Many potential investors and long-term shareholders alike have been asking whether there will be a stock market crash in 2020.
This is an open-ended question and one that I don’t have the answer to, but I can understand why it’s being asked. Going by the global headlines we’re bombarded with on a minute-by-minute basis, the world doesn’t seem a very happy place just now.
Political turmoil, coronavirus, Australian bushfires and devastating storms. With so much doom and gloom, it’s no wonder fears of a market crash or impending recession are on the rise.
To be prepared is to be forearmed, so if you keep some cash reserves available, you can make the best of a bad situation if a market crash happens in 2020.
If I was to buy stocks during a market crash, what would I be looking for? Firstly, I’d look to invest in companies that can withstand the turmoil: long-standing companies with a solid history, such as those found in the FTSE 100. I’d also look for shares paying reliable dividends and a reasonable price-to-earnings (P/E) ratio, ideally below 15.
Billionaire Warren Buffett is one of the world’s most successful investors and he takes full advantage of a market downturn to top-up his equity holdings. One of his tips I’d follow is to diversify your holdings. This means buying a mixture of equities from different sectors.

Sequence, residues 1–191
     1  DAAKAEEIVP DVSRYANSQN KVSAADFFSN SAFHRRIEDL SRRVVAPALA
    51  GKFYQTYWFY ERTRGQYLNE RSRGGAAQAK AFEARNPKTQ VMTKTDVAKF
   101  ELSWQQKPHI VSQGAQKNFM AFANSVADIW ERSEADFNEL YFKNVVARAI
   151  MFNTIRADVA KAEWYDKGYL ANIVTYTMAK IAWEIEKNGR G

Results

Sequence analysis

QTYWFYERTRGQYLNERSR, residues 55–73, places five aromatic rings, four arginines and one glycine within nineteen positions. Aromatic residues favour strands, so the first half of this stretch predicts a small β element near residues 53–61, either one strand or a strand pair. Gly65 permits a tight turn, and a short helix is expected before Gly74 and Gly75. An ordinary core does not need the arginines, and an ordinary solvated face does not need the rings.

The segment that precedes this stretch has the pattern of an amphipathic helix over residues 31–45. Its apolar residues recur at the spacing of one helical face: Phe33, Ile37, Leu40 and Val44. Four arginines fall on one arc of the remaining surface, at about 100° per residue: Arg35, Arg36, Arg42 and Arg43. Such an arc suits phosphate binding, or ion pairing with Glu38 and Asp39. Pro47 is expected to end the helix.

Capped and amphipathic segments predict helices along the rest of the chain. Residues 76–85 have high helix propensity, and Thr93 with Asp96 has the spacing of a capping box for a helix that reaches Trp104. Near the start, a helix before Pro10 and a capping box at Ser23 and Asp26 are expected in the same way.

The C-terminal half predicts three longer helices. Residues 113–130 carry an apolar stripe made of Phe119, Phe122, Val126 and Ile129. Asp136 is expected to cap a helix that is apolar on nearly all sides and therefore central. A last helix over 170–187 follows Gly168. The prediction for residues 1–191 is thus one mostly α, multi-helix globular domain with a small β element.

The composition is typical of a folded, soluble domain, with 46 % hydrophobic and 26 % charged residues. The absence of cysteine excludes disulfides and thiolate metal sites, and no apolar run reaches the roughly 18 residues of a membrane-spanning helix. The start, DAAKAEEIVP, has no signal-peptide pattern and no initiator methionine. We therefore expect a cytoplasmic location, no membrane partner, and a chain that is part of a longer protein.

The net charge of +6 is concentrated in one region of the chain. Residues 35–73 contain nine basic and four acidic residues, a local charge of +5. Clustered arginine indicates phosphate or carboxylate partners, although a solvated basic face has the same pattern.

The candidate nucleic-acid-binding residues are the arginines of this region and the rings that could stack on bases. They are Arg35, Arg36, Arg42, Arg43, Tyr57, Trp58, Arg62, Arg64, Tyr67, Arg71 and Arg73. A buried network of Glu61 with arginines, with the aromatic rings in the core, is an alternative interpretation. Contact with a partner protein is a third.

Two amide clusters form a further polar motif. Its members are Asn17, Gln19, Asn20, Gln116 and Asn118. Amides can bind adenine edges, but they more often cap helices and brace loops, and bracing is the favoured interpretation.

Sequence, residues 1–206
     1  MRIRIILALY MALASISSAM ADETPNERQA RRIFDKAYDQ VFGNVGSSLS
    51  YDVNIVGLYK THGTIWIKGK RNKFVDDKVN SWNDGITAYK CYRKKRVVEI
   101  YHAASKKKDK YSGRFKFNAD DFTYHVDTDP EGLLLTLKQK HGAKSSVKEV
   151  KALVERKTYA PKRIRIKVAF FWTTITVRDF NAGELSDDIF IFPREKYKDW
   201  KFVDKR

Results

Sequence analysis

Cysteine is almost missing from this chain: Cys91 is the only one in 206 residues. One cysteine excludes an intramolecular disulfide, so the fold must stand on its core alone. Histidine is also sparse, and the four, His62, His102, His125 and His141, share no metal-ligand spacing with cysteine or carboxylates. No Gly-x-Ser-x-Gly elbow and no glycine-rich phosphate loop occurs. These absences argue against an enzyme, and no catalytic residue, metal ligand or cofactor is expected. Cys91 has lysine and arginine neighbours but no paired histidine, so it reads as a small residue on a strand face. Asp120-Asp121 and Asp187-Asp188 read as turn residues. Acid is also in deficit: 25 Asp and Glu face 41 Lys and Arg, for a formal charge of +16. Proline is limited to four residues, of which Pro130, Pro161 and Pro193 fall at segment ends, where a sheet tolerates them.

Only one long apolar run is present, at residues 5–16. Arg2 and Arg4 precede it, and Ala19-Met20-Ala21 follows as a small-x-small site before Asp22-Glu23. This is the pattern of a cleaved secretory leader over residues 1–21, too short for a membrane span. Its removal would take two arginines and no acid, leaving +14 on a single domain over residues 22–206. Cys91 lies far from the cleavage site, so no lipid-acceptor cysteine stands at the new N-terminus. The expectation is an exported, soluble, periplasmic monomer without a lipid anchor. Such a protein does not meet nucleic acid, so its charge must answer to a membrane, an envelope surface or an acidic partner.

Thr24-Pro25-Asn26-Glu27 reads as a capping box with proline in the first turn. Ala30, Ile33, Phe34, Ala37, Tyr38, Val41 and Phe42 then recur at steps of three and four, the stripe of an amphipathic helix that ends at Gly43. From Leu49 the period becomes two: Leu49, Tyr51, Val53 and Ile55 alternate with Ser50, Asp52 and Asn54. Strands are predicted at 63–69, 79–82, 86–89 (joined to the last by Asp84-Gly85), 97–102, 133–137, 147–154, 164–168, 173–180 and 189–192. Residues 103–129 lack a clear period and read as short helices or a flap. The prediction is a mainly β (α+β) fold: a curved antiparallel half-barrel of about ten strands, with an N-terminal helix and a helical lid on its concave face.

Tesco (LSE:TSCO), has emerged from a few tough years to be stronger than ever. It’s still king of data, with its Clubcard loyalty card database full of customer secrets.
The marketing power of Big Data is well-known, and Tesco has taken full advantage of it. It pioneered the way to gather customer data and use it to benefit both the retailer and its consumer base by tracking shopping habits. We have witnessed this recently as it targets consumers with encouraging ways to eat more healthily and embrace a flexitarian lifestyle.
The Tesco Clubcard scheme now has over 19m members and it’s recently launched Clubcard Plus, which requires a monthly subscription payment of £7.99, claiming it can save savvy shoppers up to £400 a year.
Tesco has a P/E of 19, earnings per share are 13p and its dividend yield is over 2.5%.
This P/E is higher than I’d like, but this happens when a stock is particularly favoured. A market crash often brings the value of a stock down and with it, the price-to-earnings ratio, so keeping an eye on this metric can be a good indicator of whether you’ve found a bargain buy.
The Tesco share price outperformed the FTSE 100 in 2019. Even during a downturn, people still need groceries, so I think it’s a company that’s likely to weather the storm.
Looking back to the past, old stock market crashes look like opportunities. While looking forward, future stock market crashes look like risks. This is an important piece of wisdom to remember when looking for stocks to buy during a market crash.
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Kirsteen has no position in any of the shares mentioned. The Motley Fool UK has recommended Tesco. Views expressed on the companies mentioned in this article are those of the writer and therefore may differ from the official recommendations we make in our subscription services such as Share Advisor, Hidden Winners and Pro. Here at The Motley Fool we believe that considering a diverse range of insights makes us better investors.